Got Any Steeples?

If I don’t understand what someone is saying, I’m a foreigner to the speaker, and he’s a foreigner to me.  

1 Corinthians 14:11   


“Got any steeples?”  

“Um,” I said, “got any what?” 

“Got any steeples?” 

Even though I was confident I didn’t have any steeples, I hedged by saying, “I don’t think so.”  

Robert, who was fixing my fence, looked puzzled. “I left some here last fall.”  

When you don’t understand something, and others think you should, there’s no point in blurting out your ignorance. Those who learn from me resort, instead, to sly subterfuge.  

“So,” I asked, “what do you want steeples for?”  

Robert looked at me as if I was a duck that had been whacked over the head with a shovel. 

“To nile the bob whar.”  

To . . . nail the barbed wire! “You want some staples!”  

Robert didn’t answer, but gave me a strange look – as if uncertain whether it was worth his time to engage in conversation with a dazed duck.  


Robert, to put it mildly, was not awed by my intellectual prowess. But, in my defense, you should know that Robert grew up in Oklahoma – which can stunt anyone’s linguistic clarity.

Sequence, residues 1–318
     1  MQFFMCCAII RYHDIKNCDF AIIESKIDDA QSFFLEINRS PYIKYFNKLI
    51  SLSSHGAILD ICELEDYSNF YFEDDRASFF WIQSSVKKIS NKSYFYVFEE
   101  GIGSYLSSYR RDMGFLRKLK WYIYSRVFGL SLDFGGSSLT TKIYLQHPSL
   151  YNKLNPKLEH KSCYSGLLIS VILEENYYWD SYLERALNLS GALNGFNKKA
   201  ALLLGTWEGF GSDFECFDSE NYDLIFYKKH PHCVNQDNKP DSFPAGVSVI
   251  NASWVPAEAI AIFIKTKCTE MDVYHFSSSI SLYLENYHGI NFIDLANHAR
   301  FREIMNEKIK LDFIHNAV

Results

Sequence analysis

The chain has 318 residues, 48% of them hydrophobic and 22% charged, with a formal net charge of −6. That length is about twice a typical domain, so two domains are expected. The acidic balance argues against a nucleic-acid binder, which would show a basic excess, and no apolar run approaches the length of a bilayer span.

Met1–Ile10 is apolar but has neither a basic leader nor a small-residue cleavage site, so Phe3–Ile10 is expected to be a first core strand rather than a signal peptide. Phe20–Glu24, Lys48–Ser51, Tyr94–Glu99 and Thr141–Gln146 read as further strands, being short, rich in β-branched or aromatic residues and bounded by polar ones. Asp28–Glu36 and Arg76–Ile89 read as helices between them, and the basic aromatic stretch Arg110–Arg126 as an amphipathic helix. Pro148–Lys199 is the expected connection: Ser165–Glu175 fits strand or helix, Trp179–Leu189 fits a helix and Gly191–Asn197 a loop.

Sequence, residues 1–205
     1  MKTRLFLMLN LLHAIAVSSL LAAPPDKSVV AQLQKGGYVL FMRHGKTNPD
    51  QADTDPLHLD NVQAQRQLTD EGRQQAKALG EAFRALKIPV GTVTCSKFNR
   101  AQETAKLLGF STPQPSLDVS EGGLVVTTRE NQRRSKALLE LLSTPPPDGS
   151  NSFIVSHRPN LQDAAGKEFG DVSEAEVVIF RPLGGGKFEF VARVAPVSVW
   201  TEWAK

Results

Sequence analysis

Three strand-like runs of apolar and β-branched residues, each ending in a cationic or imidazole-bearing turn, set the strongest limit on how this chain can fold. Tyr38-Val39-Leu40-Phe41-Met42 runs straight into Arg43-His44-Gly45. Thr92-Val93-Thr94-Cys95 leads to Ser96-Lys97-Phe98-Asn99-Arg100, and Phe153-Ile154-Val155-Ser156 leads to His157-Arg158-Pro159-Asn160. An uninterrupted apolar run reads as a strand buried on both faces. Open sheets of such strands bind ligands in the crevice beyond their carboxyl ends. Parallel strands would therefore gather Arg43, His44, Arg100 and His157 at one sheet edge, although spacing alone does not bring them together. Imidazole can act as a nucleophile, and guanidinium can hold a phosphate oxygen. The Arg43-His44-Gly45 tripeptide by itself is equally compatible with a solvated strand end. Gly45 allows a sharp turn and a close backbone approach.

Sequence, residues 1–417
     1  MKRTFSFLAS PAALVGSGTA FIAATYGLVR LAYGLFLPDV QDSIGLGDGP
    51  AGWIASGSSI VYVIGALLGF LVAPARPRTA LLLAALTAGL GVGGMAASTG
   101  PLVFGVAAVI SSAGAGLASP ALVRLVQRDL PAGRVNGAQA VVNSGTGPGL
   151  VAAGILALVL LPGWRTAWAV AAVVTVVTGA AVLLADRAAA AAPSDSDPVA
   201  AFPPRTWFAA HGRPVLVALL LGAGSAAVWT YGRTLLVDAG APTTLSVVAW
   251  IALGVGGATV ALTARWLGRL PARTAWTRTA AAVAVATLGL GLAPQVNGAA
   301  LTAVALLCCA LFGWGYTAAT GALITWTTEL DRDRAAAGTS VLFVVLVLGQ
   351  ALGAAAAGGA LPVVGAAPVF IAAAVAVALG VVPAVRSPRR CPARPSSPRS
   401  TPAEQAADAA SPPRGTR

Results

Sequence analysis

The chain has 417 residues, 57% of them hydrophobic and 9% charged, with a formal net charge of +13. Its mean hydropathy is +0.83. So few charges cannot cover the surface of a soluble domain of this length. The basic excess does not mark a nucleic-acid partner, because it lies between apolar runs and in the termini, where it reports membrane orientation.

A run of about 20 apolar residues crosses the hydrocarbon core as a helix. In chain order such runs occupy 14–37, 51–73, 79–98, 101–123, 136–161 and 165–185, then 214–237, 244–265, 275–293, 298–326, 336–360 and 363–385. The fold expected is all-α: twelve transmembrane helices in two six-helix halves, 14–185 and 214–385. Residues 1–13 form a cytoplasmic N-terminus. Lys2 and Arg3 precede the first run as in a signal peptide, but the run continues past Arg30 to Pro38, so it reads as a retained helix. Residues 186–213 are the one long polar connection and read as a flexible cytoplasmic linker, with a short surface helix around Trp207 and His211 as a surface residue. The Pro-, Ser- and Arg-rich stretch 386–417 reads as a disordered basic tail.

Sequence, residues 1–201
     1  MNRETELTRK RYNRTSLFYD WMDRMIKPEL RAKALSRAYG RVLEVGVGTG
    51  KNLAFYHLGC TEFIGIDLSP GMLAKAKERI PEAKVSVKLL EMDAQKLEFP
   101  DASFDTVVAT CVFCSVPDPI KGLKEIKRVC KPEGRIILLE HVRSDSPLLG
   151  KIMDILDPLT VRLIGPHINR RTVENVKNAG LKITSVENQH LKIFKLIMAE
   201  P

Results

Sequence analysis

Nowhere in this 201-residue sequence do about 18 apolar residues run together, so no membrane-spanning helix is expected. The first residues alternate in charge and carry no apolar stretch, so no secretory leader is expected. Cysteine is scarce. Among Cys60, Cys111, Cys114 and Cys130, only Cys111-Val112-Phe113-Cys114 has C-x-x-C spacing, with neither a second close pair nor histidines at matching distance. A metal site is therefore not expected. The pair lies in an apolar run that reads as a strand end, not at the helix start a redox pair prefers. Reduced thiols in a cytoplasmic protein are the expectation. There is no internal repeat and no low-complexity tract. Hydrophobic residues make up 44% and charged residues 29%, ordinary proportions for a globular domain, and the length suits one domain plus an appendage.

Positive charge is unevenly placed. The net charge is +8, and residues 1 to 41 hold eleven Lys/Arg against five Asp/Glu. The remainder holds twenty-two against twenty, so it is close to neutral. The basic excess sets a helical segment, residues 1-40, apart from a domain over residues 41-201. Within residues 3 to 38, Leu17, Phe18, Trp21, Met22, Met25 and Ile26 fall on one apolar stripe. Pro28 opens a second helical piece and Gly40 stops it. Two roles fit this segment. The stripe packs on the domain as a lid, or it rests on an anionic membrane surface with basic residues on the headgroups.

Once, this guy was walking down the street when he noticed a man struggling by himself with a washing machine at the doorway of his house.  

“Can I help?”  

The man smiled, and between heaving breaths, replied, “Yeah, thanks!” 

With one man on each end they lifted and grunted, and pushed, but nothing happened.  

“Sorry,” the Good Samaritan told the man, “I don’t think the two of us can get this washing machine inside by ourselves.”  

“Inside? I’m trying to get it out of my house.”   


Ask a non-Christian what we believe, and most will say our faith is about trying to be good enough to get to heaven, and condemning everyone else who isn’t as holy as we are. Have you ever wondered whether all of them reject the mercy of Jesus, or whether, sometimes, they simply don’t know what we’re trying to say?  


This evening, I asked my wife if she was awed by my intellectual prowess.  

From the blank look she gave me you’d think I came from Oklahoma, or something.  

(copyright 2012 by Marty Kaarre)